The plot, though, is only the lid of this Pandora's toy chest. Inside, the alert viewer will find humor, imagination and a little Oriental mysticism. (Buckaroo's slogan, "No matter where you go, there you are," could serve as a fortune-cookie credo for the no-problem '80s.) There is also a passel of sharp performances. The presence of such actors as Christopher Lloyd (Zenned-out on an inner voice that must sound like Daffy Duck's), Ellen Barkin (with her bruised features and street-angel smile) and Jeff Goldblum (heartthrob of the Mensa sorority) clues Buckaroo Banzai as very chic sci-fi. Lithgow, the movies' Mr. Versatile (transsexual jock in The World According to Garp, bumbling lover in Terms of Endearment, incendiary preacher in Footloose), here does a manic turn as Dr. Lizardo; it is as if old mad Ezra Pound were played by Klaus Kinski. And Weller - his cobalt eyes borrowed from Paul Newman, his iron jaw from D.C. Comics - makes a stalwart Renaissance man for the atomic age.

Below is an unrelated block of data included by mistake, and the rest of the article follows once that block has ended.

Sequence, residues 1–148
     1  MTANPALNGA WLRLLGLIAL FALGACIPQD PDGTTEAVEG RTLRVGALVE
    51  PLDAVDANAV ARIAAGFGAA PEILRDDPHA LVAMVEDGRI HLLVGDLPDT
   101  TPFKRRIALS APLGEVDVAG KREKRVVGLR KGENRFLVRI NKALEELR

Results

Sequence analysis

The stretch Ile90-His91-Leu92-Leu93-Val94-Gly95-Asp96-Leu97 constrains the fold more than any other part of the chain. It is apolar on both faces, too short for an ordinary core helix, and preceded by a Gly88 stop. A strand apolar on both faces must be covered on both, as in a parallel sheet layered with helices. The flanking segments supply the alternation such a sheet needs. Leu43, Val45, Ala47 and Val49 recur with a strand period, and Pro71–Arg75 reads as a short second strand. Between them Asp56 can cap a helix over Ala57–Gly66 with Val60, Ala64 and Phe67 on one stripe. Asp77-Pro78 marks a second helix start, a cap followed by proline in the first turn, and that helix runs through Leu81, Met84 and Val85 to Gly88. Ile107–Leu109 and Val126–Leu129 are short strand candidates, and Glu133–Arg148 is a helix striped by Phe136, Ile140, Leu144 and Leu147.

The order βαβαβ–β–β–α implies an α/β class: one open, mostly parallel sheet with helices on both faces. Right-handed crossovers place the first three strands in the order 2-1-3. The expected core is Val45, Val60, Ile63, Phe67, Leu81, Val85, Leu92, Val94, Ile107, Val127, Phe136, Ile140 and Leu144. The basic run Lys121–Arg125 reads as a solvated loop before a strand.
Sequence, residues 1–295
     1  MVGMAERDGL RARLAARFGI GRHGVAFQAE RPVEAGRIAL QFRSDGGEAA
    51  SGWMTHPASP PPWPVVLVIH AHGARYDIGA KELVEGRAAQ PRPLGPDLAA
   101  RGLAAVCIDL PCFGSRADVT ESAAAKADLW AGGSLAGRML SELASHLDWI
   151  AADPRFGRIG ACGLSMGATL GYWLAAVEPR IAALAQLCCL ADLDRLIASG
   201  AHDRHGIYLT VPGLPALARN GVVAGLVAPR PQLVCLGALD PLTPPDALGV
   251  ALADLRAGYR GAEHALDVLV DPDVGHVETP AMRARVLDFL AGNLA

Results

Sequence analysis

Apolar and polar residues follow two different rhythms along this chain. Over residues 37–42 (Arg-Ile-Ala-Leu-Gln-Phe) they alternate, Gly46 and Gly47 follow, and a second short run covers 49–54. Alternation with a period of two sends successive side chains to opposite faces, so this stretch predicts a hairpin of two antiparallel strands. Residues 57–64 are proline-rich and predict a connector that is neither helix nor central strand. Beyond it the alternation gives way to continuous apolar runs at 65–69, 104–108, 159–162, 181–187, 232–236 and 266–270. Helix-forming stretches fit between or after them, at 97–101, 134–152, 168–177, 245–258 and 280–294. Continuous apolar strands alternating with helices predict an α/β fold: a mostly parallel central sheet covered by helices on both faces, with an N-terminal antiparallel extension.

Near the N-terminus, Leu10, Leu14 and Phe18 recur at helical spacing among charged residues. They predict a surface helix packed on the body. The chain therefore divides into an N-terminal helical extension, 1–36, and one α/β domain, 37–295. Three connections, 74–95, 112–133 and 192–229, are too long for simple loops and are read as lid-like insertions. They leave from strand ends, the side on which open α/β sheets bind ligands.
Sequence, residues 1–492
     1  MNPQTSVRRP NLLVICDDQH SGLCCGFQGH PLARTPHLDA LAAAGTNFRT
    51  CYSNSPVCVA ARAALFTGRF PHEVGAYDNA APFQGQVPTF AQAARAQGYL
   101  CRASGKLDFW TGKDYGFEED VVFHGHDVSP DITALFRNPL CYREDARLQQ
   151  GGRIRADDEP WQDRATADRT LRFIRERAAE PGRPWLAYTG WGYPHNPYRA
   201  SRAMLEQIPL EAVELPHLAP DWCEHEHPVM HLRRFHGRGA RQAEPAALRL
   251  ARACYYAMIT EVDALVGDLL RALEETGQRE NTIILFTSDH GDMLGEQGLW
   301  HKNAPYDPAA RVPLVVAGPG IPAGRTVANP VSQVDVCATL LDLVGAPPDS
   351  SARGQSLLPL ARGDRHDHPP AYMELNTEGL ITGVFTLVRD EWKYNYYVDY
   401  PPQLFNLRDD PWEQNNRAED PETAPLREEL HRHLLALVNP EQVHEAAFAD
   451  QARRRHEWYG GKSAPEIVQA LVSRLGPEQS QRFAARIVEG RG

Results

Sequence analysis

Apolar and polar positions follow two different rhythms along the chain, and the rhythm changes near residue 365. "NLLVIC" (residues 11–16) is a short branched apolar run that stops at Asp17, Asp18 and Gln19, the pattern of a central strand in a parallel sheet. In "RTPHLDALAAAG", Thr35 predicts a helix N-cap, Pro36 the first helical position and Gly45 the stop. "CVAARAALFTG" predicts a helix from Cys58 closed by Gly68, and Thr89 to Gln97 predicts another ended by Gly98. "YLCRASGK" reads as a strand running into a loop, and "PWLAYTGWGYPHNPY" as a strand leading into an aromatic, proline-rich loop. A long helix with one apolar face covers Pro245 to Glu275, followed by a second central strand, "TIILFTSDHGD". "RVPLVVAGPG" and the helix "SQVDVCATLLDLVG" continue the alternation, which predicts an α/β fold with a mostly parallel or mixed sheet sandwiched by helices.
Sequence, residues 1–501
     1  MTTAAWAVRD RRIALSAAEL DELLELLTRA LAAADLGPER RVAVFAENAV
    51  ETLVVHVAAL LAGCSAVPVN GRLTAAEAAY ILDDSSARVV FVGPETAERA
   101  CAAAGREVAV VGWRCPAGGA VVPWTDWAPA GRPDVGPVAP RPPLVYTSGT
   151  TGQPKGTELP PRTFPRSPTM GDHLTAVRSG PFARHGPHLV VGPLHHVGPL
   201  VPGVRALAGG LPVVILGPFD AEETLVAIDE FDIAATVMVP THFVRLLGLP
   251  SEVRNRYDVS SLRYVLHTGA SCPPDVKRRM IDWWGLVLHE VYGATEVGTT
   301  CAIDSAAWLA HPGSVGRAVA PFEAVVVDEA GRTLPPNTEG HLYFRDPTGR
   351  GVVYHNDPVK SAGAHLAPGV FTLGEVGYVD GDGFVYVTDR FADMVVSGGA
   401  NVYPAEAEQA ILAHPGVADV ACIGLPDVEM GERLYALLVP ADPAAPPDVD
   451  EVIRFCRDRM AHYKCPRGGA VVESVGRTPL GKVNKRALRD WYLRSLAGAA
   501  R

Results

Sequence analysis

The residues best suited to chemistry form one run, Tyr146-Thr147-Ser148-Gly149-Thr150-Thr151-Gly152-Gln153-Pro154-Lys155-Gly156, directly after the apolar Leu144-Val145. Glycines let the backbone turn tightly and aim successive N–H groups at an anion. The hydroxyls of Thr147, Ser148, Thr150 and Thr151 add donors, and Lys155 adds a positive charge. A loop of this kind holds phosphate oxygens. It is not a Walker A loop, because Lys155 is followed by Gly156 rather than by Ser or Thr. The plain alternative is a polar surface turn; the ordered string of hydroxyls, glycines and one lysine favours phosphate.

2001: A Space Odyssey proved that moviemakers didn't have to tell the whole story to hold their audience. Star Wars showed that a film could contain more in­formation than most viewers could catch the first time around and still be an all-time blockbuster. MTV serves up a Dali-catessen of surreal images, and everybody comes back for seconds. Gremlins goes through more drastic mood changes than Sybil; it has sold more than $100 million worth of tickets this summer. Buckaroo Banzai then, is simply extending the trend of data overload. Still, its creators, Earl Mac Rauch (New York, New York) and W.D. Richter (who wrote Slither and Brubaker), propel their film with such pace and farfetched style that anyone without Ph.D.s in astrophysics and pop culture is likely to get lost in the ganglion of story strands. One wonders if the movie is too ambitious, facetious and hip for its own box-office good.